Guillain-Barré syndrome (GBS) is an acute paralysing disease caused by inflammation of the peripheral nerves, which corticosteroids would be expected to benefit.
To examine the ability of corticosteroids to hasten recovery and reduce the long-term morbidity from GBS.
On 12 January 2016, we searched the Cochrane Neuromuscular Specialised Register, the Cochrane Central Register of Controlled Trials (CENTRAL), MEDLINE, and Embase. We also searched trials registries.
We included randomised controlled trials (RCTs) or quasi-RCTs of any form of corticosteroid or adrenocorticotrophic hormone versus placebo or supportive care alone in GBS. Our primary outcome was change in disability grade on a seven-point scale after four weeks. Secondary outcomes included time from randomisation until recovery of unaided walking, time from randomisation until discontinuation of ventilation (for those ventilated), death, death or disability (inability to walk without aid) after 12 months, relapse, and adverse events.
The review authors used standard methods expected by Cochrane.
The review authors discovered no new trials in the new searches in June 2009, November 2011, or January 2016. Six trials with 587 participants provided data for the primary outcome. According to moderate quality evidence, the disability grade change after four weeks in the corticosteroid groups was not significantly different from that in the control groups, mean difference (MD) 0.36 less improvement (95% confidence intervals (CI) 0.16 more to 0.88 less improvement). In four trials of oral corticosteroids with 120 participants in total, there was very low quality evidence of less improvement after four weeks with corticosteroids than without corticosteroids, MD 0.82 disability grades less improvement (95% CI 0.17 to 1.47 grades less). In two trials with a combined total of 467 participants, there was moderate quality evidence of no significant difference of a disability grade more improvement after four weeks with intravenous corticosteroids (MD 0.17, 95% CI -0.06 to 0.39). According to moderate quality evidence, there was also no significant difference between the corticosteroid treated and control groups for improvement by one or more grades after four weeks (risk ratio (RR) 1.08, 95% CI 0.93 to 1.24) or for death or disability after one year (RR 1.51, 95% CI 0.91 to 2.5). We found high quality evidence that the occurrence of diabetes was more common (RR 2.21, 95% CI 1.19 to 4.12) and hypertension less common (RR 0.15, 95% CI 0.05 to 0.41) in the corticosteroid-treated participants.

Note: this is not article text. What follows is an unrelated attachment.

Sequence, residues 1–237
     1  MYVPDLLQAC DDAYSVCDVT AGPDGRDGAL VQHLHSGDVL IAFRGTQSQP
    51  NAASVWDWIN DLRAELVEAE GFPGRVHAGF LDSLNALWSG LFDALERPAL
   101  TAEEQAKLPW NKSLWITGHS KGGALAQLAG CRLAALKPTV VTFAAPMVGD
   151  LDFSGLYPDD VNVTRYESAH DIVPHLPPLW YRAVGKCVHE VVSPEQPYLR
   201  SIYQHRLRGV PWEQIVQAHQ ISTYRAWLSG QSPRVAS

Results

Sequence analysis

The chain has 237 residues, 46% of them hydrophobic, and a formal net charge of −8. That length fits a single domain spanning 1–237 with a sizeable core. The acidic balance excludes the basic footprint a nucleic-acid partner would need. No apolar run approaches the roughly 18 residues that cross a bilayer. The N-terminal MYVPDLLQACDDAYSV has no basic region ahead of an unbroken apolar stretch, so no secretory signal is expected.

According to moderate quality evidence, corticosteroids given alone do not significantly hasten recovery from GBS or affect the long-term outcome. According to very low quality evidence, oral corticosteroids delay recovery. Diabetes requiring insulin was more common and hypertension less common with corticosteroids based on high quality evidence.